Fri, Jun 04, 2004 - Page 9 News List

Variety is not the spice of life, obesity-busters warn


Ed Glomb admits he gets a little carried away when faced with the more than 150 all-you-can-eat options on the Red Apple Buffet's Italian-American-Chinese-Japanese menu.

"Everybody has a tendency to eat with their eyes," he said recently, adding that he'd already eaten soup, shrimp and crab legs -- starters to be followed by roast beef, potatoes and dessert. "It's a little bit of this and a little bit of that."

But Glomb's tendency to pile it on at his favorite restaurant -- and his rotund size -- may have as much to do with the number of choices on the buffet table as the unlimited portions being offered.

Call it the "salad bar effect." Studies suggest that variety increases consumption. With monotonous meals, people eat until they are full. Add variety, even something as subtle as different shapes of pasta, and they eat more.

Studies dating back to the 1960s have shown that variety can increase calorie consumption an average of 25 percent, according to Megan McCrory, a nutritionist at Tufts University.

That has some researchers grappling with the global obesity epidemic considering what role an often dizzying array of food choices might play in expanding the collective waistline.

"Nutritionists have been wrong. We've been telling you for years variety is important, but it's that variety that really helps to make you fat," said Judith Stern, vice president of the American Obesity Association.

stuffed to the brim

The science may not be familiar to most people, but its effects probably are. It plays out "in restaurants when you're really stuffed to the brim and you just can't have another bite," McCrory said. "Then the waiter brings around the dessert cart. ... There's always room for dessert."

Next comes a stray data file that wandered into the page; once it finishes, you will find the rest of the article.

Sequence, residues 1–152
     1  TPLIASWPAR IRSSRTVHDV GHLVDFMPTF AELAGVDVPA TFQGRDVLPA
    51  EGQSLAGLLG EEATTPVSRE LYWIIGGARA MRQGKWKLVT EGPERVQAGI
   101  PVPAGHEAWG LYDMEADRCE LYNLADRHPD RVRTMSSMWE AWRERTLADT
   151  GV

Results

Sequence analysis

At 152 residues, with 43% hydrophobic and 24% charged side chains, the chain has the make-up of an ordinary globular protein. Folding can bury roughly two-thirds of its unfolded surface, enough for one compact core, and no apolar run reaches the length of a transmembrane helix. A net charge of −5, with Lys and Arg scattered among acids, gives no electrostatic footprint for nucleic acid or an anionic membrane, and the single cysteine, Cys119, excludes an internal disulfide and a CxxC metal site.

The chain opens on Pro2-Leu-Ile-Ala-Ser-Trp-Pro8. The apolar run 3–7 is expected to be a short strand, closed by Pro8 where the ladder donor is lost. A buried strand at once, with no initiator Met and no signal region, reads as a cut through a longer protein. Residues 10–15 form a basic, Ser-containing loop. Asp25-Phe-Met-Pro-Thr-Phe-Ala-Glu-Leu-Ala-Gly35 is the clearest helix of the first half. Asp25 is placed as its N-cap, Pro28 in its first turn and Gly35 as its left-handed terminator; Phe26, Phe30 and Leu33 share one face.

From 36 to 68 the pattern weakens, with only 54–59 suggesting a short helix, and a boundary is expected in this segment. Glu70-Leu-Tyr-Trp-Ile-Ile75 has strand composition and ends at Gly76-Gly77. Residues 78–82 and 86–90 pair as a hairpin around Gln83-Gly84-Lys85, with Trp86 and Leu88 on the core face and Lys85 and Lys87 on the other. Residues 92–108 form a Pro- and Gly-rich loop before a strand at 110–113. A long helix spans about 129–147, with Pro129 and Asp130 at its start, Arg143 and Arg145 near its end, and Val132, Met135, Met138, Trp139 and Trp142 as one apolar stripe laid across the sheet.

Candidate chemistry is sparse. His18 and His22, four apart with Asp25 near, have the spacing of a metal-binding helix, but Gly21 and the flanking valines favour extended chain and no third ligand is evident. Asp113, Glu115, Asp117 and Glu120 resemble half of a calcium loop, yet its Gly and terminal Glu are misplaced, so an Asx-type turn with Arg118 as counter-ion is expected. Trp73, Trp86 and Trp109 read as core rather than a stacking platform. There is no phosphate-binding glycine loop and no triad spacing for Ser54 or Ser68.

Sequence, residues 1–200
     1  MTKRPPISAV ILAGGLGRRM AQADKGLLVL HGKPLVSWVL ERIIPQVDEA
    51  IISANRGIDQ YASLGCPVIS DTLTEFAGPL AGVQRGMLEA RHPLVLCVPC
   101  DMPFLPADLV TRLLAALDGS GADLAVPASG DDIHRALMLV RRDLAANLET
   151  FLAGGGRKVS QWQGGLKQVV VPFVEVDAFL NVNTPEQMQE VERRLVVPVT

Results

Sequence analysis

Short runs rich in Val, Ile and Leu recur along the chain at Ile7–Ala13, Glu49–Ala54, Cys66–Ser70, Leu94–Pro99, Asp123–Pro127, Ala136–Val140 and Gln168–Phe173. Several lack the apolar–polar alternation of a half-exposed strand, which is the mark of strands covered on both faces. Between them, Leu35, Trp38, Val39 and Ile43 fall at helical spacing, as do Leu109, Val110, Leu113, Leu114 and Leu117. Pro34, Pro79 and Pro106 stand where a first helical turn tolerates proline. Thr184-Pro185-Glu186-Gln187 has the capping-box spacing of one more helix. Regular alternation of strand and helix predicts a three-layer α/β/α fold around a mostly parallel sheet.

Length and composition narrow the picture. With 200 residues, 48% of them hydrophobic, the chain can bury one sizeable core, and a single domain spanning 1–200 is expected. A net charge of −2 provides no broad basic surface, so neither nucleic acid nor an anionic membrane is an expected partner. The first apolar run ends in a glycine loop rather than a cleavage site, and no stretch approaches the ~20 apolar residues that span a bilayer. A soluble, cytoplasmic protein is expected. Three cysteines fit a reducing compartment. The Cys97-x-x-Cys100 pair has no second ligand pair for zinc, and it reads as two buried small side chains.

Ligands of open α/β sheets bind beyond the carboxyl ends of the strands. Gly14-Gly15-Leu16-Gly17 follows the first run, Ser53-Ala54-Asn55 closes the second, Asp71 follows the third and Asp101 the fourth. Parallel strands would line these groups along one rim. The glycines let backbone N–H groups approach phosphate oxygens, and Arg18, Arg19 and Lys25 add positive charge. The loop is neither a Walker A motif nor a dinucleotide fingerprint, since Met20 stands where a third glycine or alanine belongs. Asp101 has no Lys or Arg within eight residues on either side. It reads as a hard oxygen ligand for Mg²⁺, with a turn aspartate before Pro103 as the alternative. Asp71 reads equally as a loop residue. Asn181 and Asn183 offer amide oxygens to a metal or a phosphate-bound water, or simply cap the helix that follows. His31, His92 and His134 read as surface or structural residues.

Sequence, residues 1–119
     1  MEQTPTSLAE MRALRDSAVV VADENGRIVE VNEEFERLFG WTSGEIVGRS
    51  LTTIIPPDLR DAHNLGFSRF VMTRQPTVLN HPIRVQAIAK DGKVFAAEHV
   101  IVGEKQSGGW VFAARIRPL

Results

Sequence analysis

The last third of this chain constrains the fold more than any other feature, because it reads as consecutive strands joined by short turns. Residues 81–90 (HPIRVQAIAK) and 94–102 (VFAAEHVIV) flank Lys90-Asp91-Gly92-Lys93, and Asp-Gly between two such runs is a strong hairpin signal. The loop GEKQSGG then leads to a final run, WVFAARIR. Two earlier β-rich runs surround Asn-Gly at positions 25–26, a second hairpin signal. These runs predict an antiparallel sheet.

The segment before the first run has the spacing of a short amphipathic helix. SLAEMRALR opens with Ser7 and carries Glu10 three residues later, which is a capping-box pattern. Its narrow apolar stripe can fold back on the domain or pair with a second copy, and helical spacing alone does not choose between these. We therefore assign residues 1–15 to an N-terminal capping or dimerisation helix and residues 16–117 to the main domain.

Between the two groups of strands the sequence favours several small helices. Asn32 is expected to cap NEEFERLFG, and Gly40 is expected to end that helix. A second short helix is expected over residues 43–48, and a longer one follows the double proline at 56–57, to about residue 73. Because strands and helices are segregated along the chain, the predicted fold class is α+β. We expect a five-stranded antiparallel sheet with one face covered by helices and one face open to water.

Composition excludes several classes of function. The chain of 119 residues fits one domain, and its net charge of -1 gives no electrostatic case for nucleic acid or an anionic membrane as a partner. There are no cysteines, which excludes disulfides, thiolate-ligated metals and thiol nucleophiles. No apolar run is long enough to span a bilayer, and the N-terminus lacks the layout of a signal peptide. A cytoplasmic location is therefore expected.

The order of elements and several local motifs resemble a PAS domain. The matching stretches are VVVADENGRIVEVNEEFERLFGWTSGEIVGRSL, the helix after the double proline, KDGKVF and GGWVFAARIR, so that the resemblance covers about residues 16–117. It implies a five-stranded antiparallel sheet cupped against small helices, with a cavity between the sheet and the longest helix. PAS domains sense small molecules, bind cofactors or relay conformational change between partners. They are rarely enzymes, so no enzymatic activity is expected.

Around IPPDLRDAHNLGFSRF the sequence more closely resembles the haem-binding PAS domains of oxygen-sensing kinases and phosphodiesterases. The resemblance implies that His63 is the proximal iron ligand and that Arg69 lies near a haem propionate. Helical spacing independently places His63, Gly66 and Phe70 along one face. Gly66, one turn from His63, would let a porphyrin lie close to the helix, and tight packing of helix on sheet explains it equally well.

Blame it on so-called sensory-specific satiety, a mental process that makes food taste better at first but progressively less interesting as a person continues to eat it. Switch to a new food and, even if the person is full, it will be appealing.

Marketers know this. Coca-Cola sells nearly 400 different drinks, Frito-Lay offers about 150 different chips and pretzels in the US alone, and Campbell's produces 170 soups.

"If all you have is chicken soup, you probably won't eat soup night after night," said John Faulkner, a Campbell Soup spokesman. "But the more varieties you have, the more of it you'll eat."

Barbara Rolls, a nutrition professor at Penn State University, said this dietary trigger dates back to humanity's early days, when survival was best served by a natural inclination to eat a variety of foods.

"It encourages you to switch from food to food," she said. "As omnivores with a variety of nutrient requirements, we need to switch from food to food and take in a lot of different nutrients. This is actually an adaptive response."

Most researchers agree on the science behind sensory-specific satiety. Where they differ is on how it affects overall eating patterns and how significantly it contributes to obesity.

Rolls and McCrory, two of the leading researchers in the field, think it has a powerful effect.

"There's so much variety that especially when the variety tastes really good we're more apt to go ahead and eat it, especially when it's everywhere you turn," McCrory said.

The problem isn't just that people seek variety, but also that the foods they are eating are high in calories, Rolls said. People learn as children to prefer high-calorie foods because they satisfy cravings quickly.

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